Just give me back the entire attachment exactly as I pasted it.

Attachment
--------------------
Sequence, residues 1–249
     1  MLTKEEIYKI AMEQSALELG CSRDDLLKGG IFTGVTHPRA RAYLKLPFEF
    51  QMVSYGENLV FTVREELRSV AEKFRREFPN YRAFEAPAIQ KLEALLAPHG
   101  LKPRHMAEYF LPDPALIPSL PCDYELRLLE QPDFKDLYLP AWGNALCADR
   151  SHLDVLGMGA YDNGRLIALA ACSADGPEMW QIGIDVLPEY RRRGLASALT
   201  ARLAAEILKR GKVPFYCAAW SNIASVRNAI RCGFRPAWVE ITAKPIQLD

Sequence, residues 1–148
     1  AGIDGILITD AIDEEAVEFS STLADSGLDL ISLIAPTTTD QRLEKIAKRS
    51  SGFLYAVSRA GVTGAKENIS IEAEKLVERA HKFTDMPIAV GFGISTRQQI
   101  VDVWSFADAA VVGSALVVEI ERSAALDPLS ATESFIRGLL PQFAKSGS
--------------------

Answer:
Sequence, residues 1–249
     1  MLTKEEIYKI AMEQSALELG CSRDDLLKGG IFTGVTHPRA RAYLKLPFEF
    51  QMVSYGENLV FTVREELRSV AEKFRREFPN YRAFEAPAIQ KLEALLAPHG
   101  LKPRHMAEYF LPDPALIPSL PCDYELRLLE QPDFKDLYLP AWGNALCADR
   151  SHLDVLGMGA YDNGRLIALA ACSADGPEMW QIGIDVLPEY RRRGLASALT
   201  ARLAAEILKR GKVPFYCAAW SNIASVRNAI RCGFRPAWVE ITAKPIQLD

Sequence, residues 1–148
     1  AGIDGILITD AIDEEAVEFS STLADSGLDL ISLIAPTTTD QRLEKIAKRS
    51  SGFLYAVSRA GVTGAKENIS IEAEKLVERA HKFTDMPIAV GFGISTRQQI
   101  VDVWSFADAA VVGSALVVEI ERSAALDPLS ATESFIRGLL PQFAKSGS